when i think about the tone of ishan's narrative, i'm reminded of "the forest of the gods" by balys sruoga, an autobiographical account of the author's stay at stuthof concentration camp during wwii and an excellent example of detachment, grim irony and sarcasm (bordering on the grotesque) as a psychological defense mechanism. at first, one's mind starts to paint a two-dimensional, cartoonish, distorted picture which is hilarious and triggers uncontrollable hysterical laughter, but as one reads on, one gradually comes to realize that, on an emotional level, sruoga'a experience was nothing like this - indeed, it was more horrifying than one could imagine. the more dots one connects, the more one's hair stands on end. i think, had sruoga faced the horror in dead earnest at the time, he might not have survived.
this excerpt got me acquainted me with the book (i forget in which grade - "the forest of the gods" is considered a classic and is included in the school curriculum for lithuanian language and literature). a while later i read it in full and forgot about it afterward until the final year of graduate school, when we had professional practice in computer linguistics and had to use text-aligning software to match each sentence in the (atrocious) english translation with the lithuanian original. the program refused to work most of the time and i ended up aligning the sentences manually, re-reading the book as i did so and falling in love all over again in the process.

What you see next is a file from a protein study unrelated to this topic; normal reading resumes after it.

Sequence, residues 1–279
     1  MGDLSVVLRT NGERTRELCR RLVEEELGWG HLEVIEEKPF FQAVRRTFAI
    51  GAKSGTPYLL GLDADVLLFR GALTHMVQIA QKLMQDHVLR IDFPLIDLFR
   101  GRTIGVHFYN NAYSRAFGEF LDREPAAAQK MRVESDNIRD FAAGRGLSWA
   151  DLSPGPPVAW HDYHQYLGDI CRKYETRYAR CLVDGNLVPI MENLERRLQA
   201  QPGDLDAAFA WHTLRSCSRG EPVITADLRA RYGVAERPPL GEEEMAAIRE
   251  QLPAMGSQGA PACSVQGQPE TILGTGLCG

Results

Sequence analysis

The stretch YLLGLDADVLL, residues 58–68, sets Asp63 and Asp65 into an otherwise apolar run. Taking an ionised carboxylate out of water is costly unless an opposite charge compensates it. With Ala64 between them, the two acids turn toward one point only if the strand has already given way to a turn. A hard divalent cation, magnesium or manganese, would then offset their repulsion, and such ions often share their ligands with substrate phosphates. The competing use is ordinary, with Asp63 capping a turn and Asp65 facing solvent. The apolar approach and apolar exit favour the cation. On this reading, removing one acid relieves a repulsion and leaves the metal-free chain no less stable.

the man in charge of the official mail was an SS feldfebel named platz, whom the prisoners had nicknamed "the bald penguin".
platz was an old man, over sixty and totally batshit. he had a sagging occiput and there were spectacles sitting on the vast continent of his nose owing to his short-sightedness. he was medium height, a little hunched over, with a face like a crumpled zipper bag.
never had there been a more fastidious creature in all of pre-war eastern prussia.
if he summoned you, you had to be there at the precise hour and minute, in the literal sense of the words. come in a minute earlier and he would show you his watch and order you to get out because you were early. come in a minute later and he would show you his watch and order you to get out because you were late. yes, such was the degree of punctuality you were supposed to demonstrate.
in other words, it didn't matter when you arrived because you never were on time. no-one knew what principles that watch of his functioned on. and it wasn't just the prisoners, either - he was the exact same with the SS soldiers.
he was the camp's chief censor, and, judging from the past, the most suitable candidate for the job: before the war began, he used to scrape horse manure off the railroad tracks in gdansk with an iron rod.